If the strike had lasted long enough for the workers’ health insurance to lapse, per PeaceHealth’s directive, Cook, who has a young daughter, would have been forced to pay over $3,000 per month for her cancer treatments; out-of-pocket coverage for her daughter is also $3,000. “It’s heartbreaking that we’re being treated like this. And it’s detrimental to our caregivers who need health insurance to survive,” Cook said. “We can’t provide good patient care when a third of our department are traveling techs [temporary workers on three-month contracts] who are paid twice as much as us, and we have to train them. It’s a revolving door. We can’t find permanent staff because of the wages that they’re offering.”
According to tax filings with ProPublica, PeaceHealth CEO Elizabeth V. Dunne, earned a base salary of $5,635,752, with $574,482 in additional compensation for the 2022 fiscal year. The next 15 highest-paid administrators earned salaries of between $1 million and $2 million, with “other” compensation mostly in the six figures per administrator. PeaceHealth claims to be offering a minimum of $17 an hour to caregivers, which it points out is above the Washington State minimum wage; in June 2023, The Seattle Times reported that renters in Washington need to earn $30.33 an hour to afford a typical one-bedroom apartment without spending more than 30 percent of their income on housing.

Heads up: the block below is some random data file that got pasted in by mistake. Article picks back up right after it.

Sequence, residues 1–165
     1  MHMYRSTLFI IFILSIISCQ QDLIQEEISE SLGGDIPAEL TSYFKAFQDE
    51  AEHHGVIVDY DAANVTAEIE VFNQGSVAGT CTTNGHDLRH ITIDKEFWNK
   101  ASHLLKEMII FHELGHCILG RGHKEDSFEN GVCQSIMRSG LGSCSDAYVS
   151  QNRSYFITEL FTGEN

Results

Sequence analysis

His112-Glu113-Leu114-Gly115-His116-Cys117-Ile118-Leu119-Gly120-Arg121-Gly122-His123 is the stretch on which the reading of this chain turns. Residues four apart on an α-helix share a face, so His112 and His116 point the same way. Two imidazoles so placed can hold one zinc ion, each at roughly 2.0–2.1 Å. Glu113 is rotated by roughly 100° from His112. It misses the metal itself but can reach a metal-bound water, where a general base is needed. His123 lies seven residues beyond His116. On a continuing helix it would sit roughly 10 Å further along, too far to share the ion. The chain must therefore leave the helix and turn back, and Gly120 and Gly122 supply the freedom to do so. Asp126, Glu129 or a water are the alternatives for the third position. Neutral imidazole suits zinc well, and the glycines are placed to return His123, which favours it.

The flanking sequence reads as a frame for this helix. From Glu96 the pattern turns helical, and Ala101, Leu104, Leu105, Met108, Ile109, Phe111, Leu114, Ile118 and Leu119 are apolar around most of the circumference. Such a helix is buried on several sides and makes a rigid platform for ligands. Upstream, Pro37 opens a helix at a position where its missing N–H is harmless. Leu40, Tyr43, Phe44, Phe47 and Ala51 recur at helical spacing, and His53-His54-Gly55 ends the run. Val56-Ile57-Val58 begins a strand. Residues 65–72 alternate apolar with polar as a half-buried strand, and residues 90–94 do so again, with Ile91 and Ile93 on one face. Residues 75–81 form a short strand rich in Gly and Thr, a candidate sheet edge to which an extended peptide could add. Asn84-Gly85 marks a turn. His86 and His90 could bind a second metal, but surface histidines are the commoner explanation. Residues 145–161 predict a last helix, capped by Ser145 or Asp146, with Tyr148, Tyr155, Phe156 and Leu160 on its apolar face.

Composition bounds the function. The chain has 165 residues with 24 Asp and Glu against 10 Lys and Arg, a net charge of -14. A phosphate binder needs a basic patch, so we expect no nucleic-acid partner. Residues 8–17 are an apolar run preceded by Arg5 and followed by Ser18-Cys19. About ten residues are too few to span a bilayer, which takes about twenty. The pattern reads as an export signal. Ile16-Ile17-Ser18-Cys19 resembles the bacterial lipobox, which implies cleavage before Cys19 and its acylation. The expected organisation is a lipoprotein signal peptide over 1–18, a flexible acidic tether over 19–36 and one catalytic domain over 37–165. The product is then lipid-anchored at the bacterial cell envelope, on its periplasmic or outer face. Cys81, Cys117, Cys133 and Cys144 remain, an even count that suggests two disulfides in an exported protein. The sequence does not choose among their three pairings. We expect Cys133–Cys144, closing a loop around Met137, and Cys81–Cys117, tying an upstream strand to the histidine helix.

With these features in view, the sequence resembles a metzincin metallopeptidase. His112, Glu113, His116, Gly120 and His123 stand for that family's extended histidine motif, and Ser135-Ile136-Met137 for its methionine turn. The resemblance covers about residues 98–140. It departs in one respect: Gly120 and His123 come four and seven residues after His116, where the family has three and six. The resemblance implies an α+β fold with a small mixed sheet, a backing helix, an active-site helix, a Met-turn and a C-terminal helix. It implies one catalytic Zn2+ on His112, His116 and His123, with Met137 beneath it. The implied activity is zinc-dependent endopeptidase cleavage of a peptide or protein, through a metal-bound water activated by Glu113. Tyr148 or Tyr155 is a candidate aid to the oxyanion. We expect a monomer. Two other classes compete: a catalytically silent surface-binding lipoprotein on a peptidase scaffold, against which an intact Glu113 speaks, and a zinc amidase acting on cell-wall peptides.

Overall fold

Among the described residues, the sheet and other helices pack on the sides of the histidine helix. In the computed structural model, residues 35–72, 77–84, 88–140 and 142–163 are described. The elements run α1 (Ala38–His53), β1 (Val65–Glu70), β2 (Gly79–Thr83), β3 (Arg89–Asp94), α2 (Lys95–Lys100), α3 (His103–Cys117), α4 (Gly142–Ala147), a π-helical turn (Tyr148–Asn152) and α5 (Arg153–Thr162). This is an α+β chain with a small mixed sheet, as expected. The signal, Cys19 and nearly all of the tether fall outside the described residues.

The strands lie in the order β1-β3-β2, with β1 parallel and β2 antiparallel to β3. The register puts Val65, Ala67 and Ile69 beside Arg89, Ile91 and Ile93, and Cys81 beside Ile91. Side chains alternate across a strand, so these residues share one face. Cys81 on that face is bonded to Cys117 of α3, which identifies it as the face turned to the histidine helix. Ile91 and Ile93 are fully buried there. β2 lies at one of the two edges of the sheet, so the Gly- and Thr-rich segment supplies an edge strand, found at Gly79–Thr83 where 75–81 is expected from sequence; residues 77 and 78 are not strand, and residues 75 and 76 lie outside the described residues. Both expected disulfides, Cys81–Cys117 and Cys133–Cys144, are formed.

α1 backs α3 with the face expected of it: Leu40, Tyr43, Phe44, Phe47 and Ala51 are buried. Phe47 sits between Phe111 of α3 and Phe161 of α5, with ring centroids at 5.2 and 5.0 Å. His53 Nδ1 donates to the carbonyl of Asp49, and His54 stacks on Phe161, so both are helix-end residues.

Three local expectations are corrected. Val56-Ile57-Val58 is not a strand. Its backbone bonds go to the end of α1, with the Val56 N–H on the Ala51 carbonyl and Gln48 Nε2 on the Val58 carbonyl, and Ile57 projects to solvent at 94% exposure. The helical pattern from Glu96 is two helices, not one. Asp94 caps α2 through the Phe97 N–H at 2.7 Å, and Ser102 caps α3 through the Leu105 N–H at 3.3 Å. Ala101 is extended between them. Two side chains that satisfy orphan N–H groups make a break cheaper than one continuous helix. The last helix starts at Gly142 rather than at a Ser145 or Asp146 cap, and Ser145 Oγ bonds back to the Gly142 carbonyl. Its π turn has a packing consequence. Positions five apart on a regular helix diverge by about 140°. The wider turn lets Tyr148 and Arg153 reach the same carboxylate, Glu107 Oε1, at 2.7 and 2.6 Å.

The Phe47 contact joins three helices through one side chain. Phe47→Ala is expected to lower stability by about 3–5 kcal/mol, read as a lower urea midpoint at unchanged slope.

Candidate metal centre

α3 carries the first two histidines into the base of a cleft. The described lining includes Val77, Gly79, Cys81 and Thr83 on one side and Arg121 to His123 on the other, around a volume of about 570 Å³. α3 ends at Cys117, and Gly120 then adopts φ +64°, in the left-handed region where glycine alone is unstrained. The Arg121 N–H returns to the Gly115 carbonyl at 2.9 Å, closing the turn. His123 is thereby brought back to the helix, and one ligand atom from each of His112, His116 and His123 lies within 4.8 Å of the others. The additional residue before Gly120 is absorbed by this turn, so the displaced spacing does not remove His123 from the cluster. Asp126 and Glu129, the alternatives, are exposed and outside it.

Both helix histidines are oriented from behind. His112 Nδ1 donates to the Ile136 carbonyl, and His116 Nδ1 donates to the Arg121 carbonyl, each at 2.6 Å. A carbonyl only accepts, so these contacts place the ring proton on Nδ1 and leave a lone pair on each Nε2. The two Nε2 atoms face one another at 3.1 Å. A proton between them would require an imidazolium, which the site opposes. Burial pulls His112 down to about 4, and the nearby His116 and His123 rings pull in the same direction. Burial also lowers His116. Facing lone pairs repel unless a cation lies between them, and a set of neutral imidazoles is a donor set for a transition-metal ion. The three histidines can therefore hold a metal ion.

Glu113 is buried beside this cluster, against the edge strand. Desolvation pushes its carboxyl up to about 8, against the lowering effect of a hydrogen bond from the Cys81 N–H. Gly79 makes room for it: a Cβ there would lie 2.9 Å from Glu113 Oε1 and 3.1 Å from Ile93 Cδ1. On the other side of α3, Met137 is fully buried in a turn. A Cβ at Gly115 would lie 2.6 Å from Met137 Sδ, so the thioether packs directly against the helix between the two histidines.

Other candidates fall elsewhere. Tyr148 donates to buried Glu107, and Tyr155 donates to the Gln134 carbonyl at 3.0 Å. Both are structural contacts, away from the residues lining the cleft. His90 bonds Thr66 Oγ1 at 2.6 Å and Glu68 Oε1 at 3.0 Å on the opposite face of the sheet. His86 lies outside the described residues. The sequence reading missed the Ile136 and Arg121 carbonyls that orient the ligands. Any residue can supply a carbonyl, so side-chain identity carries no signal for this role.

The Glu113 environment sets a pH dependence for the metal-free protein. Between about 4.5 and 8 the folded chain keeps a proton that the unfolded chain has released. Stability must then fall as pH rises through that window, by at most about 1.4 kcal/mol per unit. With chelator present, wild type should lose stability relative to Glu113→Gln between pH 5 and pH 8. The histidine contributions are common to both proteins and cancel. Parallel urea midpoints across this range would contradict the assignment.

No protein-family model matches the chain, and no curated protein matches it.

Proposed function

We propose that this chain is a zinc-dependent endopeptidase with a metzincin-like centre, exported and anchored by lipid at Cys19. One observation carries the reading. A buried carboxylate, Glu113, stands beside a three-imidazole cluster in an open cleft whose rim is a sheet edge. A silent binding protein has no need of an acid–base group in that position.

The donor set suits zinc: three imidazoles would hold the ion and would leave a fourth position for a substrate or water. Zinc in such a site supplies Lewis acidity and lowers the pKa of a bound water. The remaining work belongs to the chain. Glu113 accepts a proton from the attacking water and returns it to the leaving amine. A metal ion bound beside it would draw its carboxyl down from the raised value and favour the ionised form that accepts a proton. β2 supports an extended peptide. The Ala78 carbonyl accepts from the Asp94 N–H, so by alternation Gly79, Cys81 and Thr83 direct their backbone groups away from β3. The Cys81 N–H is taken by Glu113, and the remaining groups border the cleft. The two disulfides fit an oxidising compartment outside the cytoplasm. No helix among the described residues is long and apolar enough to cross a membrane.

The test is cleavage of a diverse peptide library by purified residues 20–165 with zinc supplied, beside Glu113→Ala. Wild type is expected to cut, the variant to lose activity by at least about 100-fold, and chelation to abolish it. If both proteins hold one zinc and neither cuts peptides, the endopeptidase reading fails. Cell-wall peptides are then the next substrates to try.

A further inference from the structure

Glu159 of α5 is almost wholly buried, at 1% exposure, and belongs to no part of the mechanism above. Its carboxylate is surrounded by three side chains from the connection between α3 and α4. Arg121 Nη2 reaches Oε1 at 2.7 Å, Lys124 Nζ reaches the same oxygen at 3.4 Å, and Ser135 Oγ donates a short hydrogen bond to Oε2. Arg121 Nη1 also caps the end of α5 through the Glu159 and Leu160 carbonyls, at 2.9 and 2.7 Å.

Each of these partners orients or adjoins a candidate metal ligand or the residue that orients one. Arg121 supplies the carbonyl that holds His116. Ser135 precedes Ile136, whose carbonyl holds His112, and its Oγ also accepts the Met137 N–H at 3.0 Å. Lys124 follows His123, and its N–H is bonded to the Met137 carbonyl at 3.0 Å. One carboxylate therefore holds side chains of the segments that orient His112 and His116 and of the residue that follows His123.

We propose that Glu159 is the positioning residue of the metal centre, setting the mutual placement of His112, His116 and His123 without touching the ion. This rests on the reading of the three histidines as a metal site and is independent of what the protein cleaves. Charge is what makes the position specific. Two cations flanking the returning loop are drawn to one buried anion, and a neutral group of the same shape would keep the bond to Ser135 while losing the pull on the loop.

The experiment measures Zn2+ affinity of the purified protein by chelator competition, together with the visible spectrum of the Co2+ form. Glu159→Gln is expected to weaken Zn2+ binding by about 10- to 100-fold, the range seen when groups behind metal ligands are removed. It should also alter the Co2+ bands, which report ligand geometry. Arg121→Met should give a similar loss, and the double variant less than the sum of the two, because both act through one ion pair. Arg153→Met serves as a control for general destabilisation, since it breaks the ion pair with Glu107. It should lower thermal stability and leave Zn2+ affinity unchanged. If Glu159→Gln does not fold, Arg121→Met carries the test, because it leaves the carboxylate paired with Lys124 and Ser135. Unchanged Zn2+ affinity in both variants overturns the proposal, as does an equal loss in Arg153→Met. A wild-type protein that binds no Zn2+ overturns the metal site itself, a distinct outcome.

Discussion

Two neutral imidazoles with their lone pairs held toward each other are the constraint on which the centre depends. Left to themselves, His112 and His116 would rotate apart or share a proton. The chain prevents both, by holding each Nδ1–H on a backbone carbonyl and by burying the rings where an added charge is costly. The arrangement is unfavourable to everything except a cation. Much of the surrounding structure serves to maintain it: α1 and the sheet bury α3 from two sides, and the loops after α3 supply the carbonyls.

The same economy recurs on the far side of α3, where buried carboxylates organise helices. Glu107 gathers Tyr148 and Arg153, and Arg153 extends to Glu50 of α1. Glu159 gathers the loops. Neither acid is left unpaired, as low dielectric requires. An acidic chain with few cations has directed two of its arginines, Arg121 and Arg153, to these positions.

As for the staffing issue, an email sent to the workers and reviewed by Truthout, informs them of the cancellation of their health insurance, describing an offer of “A new staffing Joint-staffing subcommittee for the bargaining units of the Service and Technical units whose purpose is to identify and discuss current and developing trends, concerns, and opportunities related to hiring and staffing levels within the bargaining units of Service and Technical with the goal of improving working conditions and patient care.” In the email, PeaceHealth describes this proposal as “highly competitive.” Baker does not believe this addresses staff’s concerns. “What they want to do is establish a committee — they’ll meet with us to check a box. The language around the committee isn’t enforceable,” Baker explained. “They’ll meet with us, nothing will change, if it’s not mutually agreed upon, then nothing will be implemented, and we’ll be in the same position we were in before.”